The most interesting political meeting this week may be the one between Valerie Jarrett, the closest confidante of President Obama, and Mark Holden, the general counsel for Koch Industries, the conglomerate owned by the anti-Obama Koch brothers.
This will be their fourth meeting. They correspond regularly and have developed a mutual respect while working on the most sweeping reform of the U.S. criminal-justice system in decades.
Addressing the economic and social cost of the huge prison problem — more than 2.3 million people are incarcerated in America, a higher share of the population than almost anywhere else — is a priority for both the White House and the Kochs.
The effort is advancing in both houses of Congress; House Speaker Paul Ryan and Senate Leader Mitch McConnell are committed to bringing legislation to the floor.
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The measures are the product of alliances rarely seen in today’s polarized politics: Republican Sen. Charles Grassley and Democratic Sen. Patrick Leahy; House Judiciary Committee Chairman Bob Goodlatte, a Republican, and Rep. John Conyers, a liberal Democrat. And Sen. Sheldon Whitehouse, a progressive Democrat from Rhode Island, and the Republican whip, Sen. John Cornyn of Texas.
The effort is spearheaded by the U.S. Justice Action Network, a coalition of leading groups that contains, on the left, the American Civil Liberties Union and the NAACP, and, on the right, the Faith and Freedom Coalition and Grover Norquists’s Americans for Tax Reform.
The broad measures would overhaul some of the mandatory minimum sentencing laws enacted in the 1970s that are partly responsible for the 400-percent explosion of the prison population. The changes would give judges more leeway in sentencing and make it easier for inmates who aren’t convicted of violent crimes or repeat offenders to get out. And in an effort to address the exceedingly high recidivism rate, there likely will be a re-entry provision offering more assistance and incentives for employers to hire ex-convicts.
“This is a once-in-a-generation chance to bring together this coalition,” says Wade Henderson, president of the Leadership Conference on Civil and Human Rights.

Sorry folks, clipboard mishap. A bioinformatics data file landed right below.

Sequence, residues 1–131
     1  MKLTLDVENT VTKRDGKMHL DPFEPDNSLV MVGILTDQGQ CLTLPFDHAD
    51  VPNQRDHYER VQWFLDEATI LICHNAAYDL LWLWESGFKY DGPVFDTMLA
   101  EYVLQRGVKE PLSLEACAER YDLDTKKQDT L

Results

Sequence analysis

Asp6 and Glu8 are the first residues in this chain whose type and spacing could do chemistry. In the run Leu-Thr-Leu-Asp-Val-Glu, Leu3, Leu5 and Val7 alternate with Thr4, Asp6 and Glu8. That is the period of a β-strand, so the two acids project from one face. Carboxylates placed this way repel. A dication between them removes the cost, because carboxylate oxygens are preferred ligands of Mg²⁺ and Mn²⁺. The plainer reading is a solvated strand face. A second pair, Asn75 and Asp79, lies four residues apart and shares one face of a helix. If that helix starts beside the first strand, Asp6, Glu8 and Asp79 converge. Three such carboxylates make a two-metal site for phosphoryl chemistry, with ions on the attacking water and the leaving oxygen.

The Jarrett-Holden relationship got off to a good start in their first meeting last spring, when the Koch counsel confided that he was with her on “Ban the Box,” a campaign to persuade employers not to require applicants to check a box if they have a criminal record.
Still this isn’t a done deal. All sides agree action is essential by early next year or the push will get ensnared in presidential politics. The Republican contenders Ted Cruz and Donald Trump already inveigh against putting criminals back on the street.
And there is a split over toughening the so-called mens rea, or criminal intent, requirement in criminal law. Some conservatives and business groups want to insert a provision that critics, including the Obama administration, say would make it much harder to go after corporate polluters, by forcing prosecutors to prove intent.
The change isn’t in the bill the Senate Judiciary Committee cleared with a big bipartisan vote in October. But the House committee is moving several separate bills — which might be combined on the floor — including the mens rea legislation.
Liberals such as Neera Tanden, president of the Center for American Progress, says this would be a poison pill dooming the overall measure. Others suspect this is the real motive for the Kochs; their company has faced a number of charges and pleaded guilty to a major environmental offense, paying a stiff fine.
But, in an interview, Holden said that while the intent reform would be good policy, “it’s not do or die” for the Kochs, who still would enthusiastically support legislation that doesn’t include it. “Our primary focus is to change an indefensible two-tier system where the wealthy and connected get much better treatment than the poor,” he said. “And the result is a cycle of incarceration and poverty.”
Most of those on both sides, from Jarrett to lawmakers, say Holden’s commitment is authentic. “No single person has pushed conservatives more on this issue than Mark Holden,” says Holly Harris, executive director of the U.S. Justice Action Network. “There is no more influential voice for prison reform.”
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